A Texas law that bans abortion when an unborn baby’s heartbeat is detected went into effect Wednesday, outraging abortion advocates nationwide.

The Supreme Court ruled in a 5-to-4 decision not to intervene and prevent the Texas Heartbeat Act from being enacted, although it’s already being challenged at the federal level and could be brought again to the Supreme Court.

The left’s visceral reactions, which range from ignorant to unhinged, show how much it esteems killing babies in Texas instead of protecting them.

First, let’s look at some of the most deranged reactions from commentators, journalists, and other influential people on social media.

Above the Law, a widely read and respected legal website, tweeted, “Roe v. Wade just got functionally overturned in Texas. Too somber to put a snarky twist on.”

Above the Law seems too upset to make any informed commentary, provide an explanation, or even tell a snarky joke. I am guessing if Texas passed a law that banned guns, there would be plenty of cheers and jeers to go around.)

The Rev. Raphael Warnock, the senior pastor of Ebenezer Baptist Church in Atlanta, tweeted, “The extreme abortion law in Texas is exactly why we need to keep a Senate with the power to appoint Supreme Court justices that respect a woman’s right to choose.”

Glenn Kirschner, a legal analyst for NBC and MSNBC, compared the law to segregation in schools. He tweeted, “The Supreme Court refused to stop a Texas abortion law from going into effect. The law DIRECTLY VIOLATES the precedent of Roe v. Wade. SCOTUS just signaled state governments that they no longer need to obey Supreme Court precedent. What’s next Texas? Separate-but-equal schools?”

Helen Kennedy, a former newspaper writer for NY Daily News and Boston Herald, tweeted a Slate article about the legislation and called Texas “a sick, sick, place.”

Steven Mazie, who covers the Supreme Court for The Economist, called the law “uniquely Draconian.”

Occupy Democrats hopes enough retweets on Twitter will halt the ban.

Vice President Kamala Harris called the ban an “all-out assault on reproductive health.” The only assault in the abortion industry is the concerted, dual effort to discourage women from raising their own children and to abort their babies.

Former U.S. Rep. Robert “Beto” O’Rourke, who ran for president in 2020, called the law “an attempt to legalize harassment.”

Jill Filipovic, a feminist, writer, and lawyer, wrote, “The law allows private misogynist busybodies to sue anyone who ‘aids and abets’ an abortion—as if abortion were a crime and not a fundamental right—after a fetal heartbeat can be detected, which happens at roughly six weeks of pregnancy.”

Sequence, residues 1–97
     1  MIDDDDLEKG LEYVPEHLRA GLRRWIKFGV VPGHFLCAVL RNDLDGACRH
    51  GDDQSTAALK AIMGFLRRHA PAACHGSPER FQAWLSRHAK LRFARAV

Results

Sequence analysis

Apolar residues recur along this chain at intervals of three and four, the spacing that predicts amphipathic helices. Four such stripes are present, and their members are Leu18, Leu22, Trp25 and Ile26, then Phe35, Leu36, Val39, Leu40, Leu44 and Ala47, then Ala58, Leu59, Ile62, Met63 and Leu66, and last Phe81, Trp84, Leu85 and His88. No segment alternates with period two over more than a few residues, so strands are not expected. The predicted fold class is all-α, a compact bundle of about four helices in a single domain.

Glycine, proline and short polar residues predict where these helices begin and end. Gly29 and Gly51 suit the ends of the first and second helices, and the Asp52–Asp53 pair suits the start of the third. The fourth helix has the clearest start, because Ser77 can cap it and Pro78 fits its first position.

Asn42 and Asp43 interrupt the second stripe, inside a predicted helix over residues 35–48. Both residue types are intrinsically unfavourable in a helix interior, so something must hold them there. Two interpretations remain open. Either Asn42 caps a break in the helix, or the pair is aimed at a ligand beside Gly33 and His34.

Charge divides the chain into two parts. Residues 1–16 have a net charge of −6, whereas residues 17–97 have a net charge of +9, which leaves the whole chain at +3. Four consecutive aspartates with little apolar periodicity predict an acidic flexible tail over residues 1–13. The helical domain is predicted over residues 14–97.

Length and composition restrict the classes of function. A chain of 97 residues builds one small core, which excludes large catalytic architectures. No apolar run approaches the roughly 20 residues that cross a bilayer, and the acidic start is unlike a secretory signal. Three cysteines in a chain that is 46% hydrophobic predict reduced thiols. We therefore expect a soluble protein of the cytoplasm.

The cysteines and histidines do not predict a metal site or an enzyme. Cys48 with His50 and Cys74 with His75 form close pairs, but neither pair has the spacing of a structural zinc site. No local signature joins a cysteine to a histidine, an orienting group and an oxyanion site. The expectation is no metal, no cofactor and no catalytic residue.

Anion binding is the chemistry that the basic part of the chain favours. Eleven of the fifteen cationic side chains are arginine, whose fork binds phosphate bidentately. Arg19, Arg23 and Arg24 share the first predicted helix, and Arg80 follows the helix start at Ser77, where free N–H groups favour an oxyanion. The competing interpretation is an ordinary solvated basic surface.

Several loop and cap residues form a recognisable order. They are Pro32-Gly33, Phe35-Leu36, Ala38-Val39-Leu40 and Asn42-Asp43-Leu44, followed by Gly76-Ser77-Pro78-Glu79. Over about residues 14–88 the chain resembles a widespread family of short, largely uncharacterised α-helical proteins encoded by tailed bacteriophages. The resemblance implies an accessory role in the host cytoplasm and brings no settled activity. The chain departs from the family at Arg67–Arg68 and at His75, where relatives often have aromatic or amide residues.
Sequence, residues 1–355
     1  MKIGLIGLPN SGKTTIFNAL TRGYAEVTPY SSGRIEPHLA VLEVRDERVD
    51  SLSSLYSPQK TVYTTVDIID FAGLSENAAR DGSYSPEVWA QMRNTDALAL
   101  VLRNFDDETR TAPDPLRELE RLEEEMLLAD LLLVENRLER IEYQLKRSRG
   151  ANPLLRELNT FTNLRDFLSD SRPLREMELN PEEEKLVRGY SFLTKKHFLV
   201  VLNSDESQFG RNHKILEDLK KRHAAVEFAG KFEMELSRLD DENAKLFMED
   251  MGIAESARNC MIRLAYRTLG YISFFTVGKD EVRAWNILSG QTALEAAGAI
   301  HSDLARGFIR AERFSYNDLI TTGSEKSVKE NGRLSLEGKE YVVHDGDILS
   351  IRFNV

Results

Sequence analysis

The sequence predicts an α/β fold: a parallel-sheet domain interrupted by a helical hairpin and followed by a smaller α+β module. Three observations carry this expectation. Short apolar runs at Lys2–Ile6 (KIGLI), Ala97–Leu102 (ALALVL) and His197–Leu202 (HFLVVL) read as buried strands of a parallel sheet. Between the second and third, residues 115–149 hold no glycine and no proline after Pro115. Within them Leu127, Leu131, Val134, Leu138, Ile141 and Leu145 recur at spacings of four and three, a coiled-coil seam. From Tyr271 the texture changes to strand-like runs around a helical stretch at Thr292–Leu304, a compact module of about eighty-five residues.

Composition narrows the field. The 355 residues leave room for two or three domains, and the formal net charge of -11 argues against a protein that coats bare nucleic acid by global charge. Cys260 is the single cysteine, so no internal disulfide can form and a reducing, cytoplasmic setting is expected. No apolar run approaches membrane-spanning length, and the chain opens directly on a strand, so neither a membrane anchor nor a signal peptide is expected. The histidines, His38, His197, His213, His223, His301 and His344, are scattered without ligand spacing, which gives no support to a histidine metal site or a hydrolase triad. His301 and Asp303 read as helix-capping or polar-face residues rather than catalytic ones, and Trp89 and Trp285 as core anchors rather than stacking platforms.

Cecile Richards, the former president of Planned Parenthood Federation of America and Planned Parenthood Action Fund, tweeted Filipovic’s article and encouraged her followers to “read everything you can.”

Many news writers and personalities are so upset that they’re getting some of the facts wrong about the law, spreading disinformation about it.

“[The Texas abortion law] means you can sue an Uber driver who drives someone to an abortion clinic,” NBC News correspondent Julia Ainsley said. “These are laws stricter than what we have in place for someone who would drive someone who is about to commit an act of terrorism.”

The idea that anyone could be sued, including the Uber driver who drives a woman to an abortion clinic, is plain false.

Joe Pojman, the executive director of Texas Alliance for Life, explained the portion of the law that describes potential civil liabilities for violating, aiding, or abetting it. While Texas Alliance for Life did not draft the legislation, the organization supports it and believes it is well-written.

“Any individual can sue an abortion provider, the physician, nurses, other staff, or other individuals or organizations in assisting women in getting an abortion,” Pojman said. “The enforcement is all private. It comes from individuals suing someone who performs an abortion or assists someone in getting an abortion.”

What about the Uber driver who drives a woman to an abortion clinic or the therapist who discovers her client wants an abortion, has planned an abortion, or has even had one? 

Pojman said a person would have to “knowingly violate the law.” The Uber driver, unless he or she is very familiar, would not knowingly be violating the law, Pojman clarified.

Similarly, Spike Cohen, the Libertarian Party’s nominee for vice president of the United States in 2020, tweeted that the law “encourages snitching.”

A clear reading of the law shows there is a potential fine for breaking the law, just like there are fines for breaking all kinds of other laws. To say that Texans are now encouraged to snitch on women who have had abortions is a stretch, to say the least.

Since the Supreme Court legalized abortion in Roe v. Wade, abortion has been a hot-button issue for the left and right for different reasons. The left’s unhinged, ignorant, bizarre reactions to a law that protects the lives of the most vulnerable Texans demonstrate that abortion will always be an issue of utmost importance to it, no matter that it literally destroys women and children.

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